Johnson, who tied for second here a year ago, is coming off a dominant performance at the Sentry Tournament of Champions, where he won by eight shots to strengthen his lead atop the world rankings. 

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McIlroy 'really pleased' with opening 69 in Abu Dhabi

By Ryan LavnerJanuary 18, 2018, 12:10 pm

It was an auspicious 2018 debut for Rory McIlroy.

Playing alongside world No. 1 Dustin Johnson for his first round since October, McIlroy missed only one green and shot a bogey-free 69 at the Abu Dhabi HSBC Championship. McIlroy is three shots back of reigning Race to Dubai champion Tommy Fleetwood, who played in the same group as McIlroy and Johnson, and Hideto Tanihara.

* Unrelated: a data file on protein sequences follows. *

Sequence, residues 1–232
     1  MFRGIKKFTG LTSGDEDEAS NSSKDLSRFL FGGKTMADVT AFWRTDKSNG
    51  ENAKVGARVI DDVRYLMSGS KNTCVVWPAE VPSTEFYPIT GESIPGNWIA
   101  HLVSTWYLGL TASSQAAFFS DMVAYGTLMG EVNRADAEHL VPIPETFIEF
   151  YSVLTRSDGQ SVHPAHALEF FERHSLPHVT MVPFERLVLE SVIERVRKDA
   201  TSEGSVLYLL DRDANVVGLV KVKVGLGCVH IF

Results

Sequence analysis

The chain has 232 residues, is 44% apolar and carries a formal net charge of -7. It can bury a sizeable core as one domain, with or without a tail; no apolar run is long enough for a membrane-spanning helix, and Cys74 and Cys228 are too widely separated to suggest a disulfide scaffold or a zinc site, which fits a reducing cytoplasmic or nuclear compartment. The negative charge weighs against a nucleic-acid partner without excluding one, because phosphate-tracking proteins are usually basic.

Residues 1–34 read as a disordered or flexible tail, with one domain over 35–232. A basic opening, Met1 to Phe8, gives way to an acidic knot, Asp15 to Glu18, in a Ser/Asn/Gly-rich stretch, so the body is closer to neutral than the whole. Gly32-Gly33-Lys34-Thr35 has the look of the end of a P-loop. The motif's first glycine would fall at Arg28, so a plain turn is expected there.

Starting on the back nine at Abu Dhabi Golf Club, McIlroy began with 11 consecutive pars before birdies on Nos. 3, 7 and 8.

Full-field scores from the Abu Dhabi HSBC Championship

“I was excited to get going,” he told reporters afterward. “The last couple of months have been really nice in terms of being able to concentrate on things I needed to work on in my game and health-wise. I feel like I’m the most prepared for a season that I’ve ever been, but it was nice to get back out there.”

Fleetwood, the defending champion, raced out to another lead while McIlroy and Johnson, who shot 72, just tried to keep pace.

“Tommy played very well and I was just trying to hang onto his coattails for most of the round, so really pleased – bogey-free 69, I can’t really complain,” McIlroy said.

This was his first competitive round in more than three months, since a tie for 63rd at the Dunhill Links. He is outside the top 10 in the world ranking for the first time since 2014.